12 Women On How They Preserve Garifuna Culture

  With the increase in visibility surrounding Afro-Latinxs in the United States, there’s also been greater recognition of identities within such as the Garifuna community

Photo: Unsplash/@jtw4u2

Photo: Unsplash/@jtw4u2

With the increase in visibility surrounding Afro-Latinxs in the United States, there’s also been greater recognition of identities within such as the Garifuna community. Garinagu, plural of Garifuna, describes both a language and group of people that reside along the coast of Honduras, Guatemala, Nicaragua and Belize. Never enslaved, Garinagu are descendants of West African survivors of human cargo ships that were wrecked off the island of St. Vincent.

Over 200 years later—221 to be exact—the Garinagu are still present in Central America and across the U.S. Here 12 women of Guatemalan, Honduran and Belizean descent share what it means to be Garifuna and how they preserve the culture:


Keyanna Gotay, CEO at Brown Sugar & Canela and Founder of Águilas Afro-Latino


On what it means to be Garifuna:To be Garifuna to me is to know and understand my Garifuna history and lineage. To understand that my ancestors were intended for slavery but were not slaves, we are an indigenous mixture with a rich culture—a culture with no borders as our communities are in different parts of the world.”

On preserving Garifuna culture: “I preserve the Garifuna culture by dancing, listening and singing our music. I love to dance to some good ol’ punta rock, but I love to sing along to parandas. I also share about the culture, as far as my knowledge allows me, with friends and on social media. Although my organization was created for Afro-Latinidad as a whole, I made sure to educate on Garifunas as many of us are from Latin American countries and we are Afro-descendents.”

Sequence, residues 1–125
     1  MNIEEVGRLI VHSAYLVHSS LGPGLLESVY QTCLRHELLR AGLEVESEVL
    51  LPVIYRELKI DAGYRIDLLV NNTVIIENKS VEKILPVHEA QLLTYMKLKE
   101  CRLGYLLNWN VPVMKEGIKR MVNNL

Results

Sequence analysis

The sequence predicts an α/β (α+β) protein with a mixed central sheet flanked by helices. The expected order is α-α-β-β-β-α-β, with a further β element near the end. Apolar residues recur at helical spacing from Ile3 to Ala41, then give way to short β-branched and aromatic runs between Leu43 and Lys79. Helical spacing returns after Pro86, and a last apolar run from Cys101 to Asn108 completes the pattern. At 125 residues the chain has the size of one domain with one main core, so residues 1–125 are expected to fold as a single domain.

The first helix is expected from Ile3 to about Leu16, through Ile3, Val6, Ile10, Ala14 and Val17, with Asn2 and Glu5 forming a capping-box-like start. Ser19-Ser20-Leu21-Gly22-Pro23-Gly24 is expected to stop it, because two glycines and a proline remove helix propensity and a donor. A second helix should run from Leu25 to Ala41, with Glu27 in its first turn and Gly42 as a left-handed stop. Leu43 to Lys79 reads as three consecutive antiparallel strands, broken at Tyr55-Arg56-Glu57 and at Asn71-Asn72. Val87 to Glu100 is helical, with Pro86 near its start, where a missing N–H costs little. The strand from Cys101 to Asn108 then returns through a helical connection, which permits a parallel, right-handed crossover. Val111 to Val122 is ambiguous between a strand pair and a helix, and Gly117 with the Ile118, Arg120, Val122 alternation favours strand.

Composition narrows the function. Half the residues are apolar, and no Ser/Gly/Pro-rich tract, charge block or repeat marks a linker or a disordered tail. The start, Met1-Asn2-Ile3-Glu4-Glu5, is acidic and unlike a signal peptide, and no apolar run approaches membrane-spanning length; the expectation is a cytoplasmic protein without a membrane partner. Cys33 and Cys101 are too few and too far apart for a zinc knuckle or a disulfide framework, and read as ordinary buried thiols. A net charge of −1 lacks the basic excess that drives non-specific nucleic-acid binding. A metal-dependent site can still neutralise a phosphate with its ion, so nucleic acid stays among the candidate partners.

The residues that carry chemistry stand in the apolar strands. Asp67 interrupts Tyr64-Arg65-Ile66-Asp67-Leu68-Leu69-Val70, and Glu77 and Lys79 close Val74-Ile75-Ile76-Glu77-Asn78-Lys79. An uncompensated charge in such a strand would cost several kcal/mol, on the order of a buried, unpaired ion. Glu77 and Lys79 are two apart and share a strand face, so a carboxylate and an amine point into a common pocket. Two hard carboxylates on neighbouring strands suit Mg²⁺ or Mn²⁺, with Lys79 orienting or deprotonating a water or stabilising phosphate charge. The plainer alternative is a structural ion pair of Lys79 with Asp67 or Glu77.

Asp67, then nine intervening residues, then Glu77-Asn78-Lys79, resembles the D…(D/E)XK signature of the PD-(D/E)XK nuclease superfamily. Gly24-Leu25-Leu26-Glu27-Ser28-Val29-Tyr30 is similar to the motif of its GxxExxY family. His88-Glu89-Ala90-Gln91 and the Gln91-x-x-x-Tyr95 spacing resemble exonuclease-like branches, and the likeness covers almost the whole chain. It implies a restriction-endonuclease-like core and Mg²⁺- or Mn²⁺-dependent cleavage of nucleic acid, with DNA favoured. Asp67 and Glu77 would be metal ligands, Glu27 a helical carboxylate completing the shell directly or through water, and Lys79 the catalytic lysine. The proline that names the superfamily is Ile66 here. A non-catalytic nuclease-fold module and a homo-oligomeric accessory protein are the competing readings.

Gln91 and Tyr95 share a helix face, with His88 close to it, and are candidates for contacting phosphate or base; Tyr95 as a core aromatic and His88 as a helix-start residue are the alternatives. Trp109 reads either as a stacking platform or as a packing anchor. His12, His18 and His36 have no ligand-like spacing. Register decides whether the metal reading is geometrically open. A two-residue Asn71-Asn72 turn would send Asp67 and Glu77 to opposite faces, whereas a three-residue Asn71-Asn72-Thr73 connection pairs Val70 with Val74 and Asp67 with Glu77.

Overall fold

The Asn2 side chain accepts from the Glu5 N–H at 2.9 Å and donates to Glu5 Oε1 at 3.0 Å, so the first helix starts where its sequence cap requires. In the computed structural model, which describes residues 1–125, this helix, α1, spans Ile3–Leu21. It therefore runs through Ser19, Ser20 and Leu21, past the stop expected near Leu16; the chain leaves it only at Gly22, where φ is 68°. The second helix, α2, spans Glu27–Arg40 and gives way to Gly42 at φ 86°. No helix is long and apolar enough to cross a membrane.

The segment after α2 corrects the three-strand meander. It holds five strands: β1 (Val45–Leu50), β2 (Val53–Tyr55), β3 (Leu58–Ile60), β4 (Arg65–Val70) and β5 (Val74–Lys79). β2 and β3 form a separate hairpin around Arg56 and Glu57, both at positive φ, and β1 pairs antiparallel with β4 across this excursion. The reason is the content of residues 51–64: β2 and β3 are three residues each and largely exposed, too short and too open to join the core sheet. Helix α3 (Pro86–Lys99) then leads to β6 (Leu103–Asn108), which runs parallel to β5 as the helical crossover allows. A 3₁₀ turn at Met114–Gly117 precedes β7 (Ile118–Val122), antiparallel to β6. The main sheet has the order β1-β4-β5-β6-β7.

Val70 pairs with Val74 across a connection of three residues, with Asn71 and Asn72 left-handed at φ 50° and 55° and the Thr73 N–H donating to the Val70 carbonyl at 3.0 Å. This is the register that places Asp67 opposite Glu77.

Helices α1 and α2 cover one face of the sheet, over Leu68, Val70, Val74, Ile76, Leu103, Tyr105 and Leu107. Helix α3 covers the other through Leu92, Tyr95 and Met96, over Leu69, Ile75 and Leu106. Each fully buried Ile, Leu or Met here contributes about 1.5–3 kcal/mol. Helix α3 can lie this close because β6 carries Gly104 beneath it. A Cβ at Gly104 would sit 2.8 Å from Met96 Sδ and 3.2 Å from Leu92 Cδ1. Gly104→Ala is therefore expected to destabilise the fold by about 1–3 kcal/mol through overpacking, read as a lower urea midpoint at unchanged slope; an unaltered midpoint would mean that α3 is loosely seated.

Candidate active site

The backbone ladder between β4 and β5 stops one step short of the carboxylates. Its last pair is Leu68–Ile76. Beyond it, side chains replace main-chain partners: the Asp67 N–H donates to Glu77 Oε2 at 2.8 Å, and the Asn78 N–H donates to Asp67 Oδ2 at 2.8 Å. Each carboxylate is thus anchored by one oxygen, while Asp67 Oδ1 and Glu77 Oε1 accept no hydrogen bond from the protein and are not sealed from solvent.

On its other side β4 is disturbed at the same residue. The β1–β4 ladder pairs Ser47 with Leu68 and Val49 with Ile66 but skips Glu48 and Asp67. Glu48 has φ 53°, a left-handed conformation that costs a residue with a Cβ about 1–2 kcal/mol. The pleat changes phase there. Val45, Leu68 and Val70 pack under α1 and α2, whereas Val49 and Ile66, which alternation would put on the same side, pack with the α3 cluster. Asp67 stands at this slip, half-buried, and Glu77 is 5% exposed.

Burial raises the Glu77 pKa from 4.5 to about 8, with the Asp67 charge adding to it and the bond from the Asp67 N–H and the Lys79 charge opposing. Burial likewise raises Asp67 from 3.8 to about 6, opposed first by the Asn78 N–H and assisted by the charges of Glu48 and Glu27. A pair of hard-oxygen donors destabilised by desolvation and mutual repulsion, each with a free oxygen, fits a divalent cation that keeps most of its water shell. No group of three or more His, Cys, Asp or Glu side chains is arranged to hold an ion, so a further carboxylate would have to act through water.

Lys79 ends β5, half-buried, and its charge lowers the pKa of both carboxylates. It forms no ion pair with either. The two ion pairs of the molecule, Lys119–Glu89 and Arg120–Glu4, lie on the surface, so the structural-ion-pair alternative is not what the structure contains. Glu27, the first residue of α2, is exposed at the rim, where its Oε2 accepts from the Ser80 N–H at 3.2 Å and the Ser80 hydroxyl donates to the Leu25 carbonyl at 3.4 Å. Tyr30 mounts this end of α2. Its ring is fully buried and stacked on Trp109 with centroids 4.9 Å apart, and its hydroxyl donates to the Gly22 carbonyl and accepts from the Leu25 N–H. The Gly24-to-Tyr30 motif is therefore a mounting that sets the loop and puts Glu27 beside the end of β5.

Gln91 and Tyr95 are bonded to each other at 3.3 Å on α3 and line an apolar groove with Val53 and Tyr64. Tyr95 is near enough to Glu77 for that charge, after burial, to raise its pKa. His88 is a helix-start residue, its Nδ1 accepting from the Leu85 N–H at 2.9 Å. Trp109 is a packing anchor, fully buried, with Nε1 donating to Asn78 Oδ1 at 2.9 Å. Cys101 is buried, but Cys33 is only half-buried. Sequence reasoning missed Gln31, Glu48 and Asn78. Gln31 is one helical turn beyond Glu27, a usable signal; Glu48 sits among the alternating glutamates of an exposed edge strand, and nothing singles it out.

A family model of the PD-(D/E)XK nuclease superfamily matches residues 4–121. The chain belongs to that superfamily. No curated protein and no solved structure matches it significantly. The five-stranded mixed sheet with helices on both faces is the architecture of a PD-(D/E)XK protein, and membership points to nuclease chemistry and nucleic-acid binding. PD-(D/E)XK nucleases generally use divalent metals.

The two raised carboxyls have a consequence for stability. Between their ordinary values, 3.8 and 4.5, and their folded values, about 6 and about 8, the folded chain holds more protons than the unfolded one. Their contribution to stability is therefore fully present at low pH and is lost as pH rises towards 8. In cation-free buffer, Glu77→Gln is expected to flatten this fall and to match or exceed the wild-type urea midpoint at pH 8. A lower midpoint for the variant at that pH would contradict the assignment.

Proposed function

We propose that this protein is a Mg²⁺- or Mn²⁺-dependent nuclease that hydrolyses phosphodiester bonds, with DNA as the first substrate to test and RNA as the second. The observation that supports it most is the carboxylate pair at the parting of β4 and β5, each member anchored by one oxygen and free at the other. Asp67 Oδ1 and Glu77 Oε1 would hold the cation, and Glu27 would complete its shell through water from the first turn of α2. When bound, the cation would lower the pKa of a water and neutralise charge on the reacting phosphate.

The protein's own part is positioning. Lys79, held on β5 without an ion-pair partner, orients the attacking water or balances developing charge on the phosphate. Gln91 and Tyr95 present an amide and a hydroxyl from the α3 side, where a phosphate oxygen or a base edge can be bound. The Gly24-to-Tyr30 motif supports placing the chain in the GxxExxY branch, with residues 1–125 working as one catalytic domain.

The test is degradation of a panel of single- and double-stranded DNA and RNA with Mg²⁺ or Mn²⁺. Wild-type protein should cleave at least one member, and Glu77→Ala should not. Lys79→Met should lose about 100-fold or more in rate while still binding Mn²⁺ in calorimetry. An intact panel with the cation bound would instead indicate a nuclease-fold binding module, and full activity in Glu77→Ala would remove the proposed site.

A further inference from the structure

Nory Pouncil, Marketing Specialist for Wellness Brands, Advocate for Women of Color & Podcaster

On what it means to be Garifuna: “Being Garifuna means I come from a lineage of warriors, survivors rich in tradition, who broke barriers and lifted entire communities from nothing. It’s a constant reminder of my strength, the strength and resilience of my ancestors, and it emboldens me to be fearless, unapologetic and proud of where I come from.”

On preserving Garifuna culture: “Existing. My mother taught me how to dance, her sisters taught me how to cook, our ancestors rooted me spiritually. Thanks to those gifts I’ve become a vessel, sharing our foods, our stories, and speaking on the systematic challenges threatening our people.”


Alexa Dolmo-Rochez, Content Creator & Student at the Art Institute of Houston


On what it means to be Garifuna: “To be Garifuna is an honor. Being a part of the Garifuna culture is unique and beautiful and involves sharing our foods, dance, dialect and custom apparel with the world. Being Garifuna also means, that I can help my community with resources and provide direction with opening doors for those who are in need. For that reason, I love showing and speaking about it on my developing platform because there is so much unknown about our awesome principles, values, and beliefs.”

On preserving Garifuna culture: “I preserve my culture by surrounding myself with like-minded individuals who enjoy eating and cooking our delicious food while dancing punta (my favorite!). The sound of the drums do something to me every time, and the feeling is inexplicable. If you are Garifuna, then you know what I am talking about.”


Martha Arzu-McIntosh, Self-taught Sewer and Contributing Editor for The Sewcialists


On what it means to be Garifuna: “To be Garifuna is to truly understand that 200 some years ago we were exiled from Saint Vincent with little expectation of survival at sea and we are still here.  Let that sink in for a minute. In spite of…we are still here.  I was taught that at a very young age by my parents. I don’t hesitate to share our story of resistance and perseverance.  I won’t hesitate to introduce myself as a Garifuna woman. When I reflect back on my childhood, the love for our people, our rich culture and how we project that in every facet of our lives through our spiritual connection with our ancestors; being Garifuna is being true to myself and making choices that will honor my ancestors today and always.”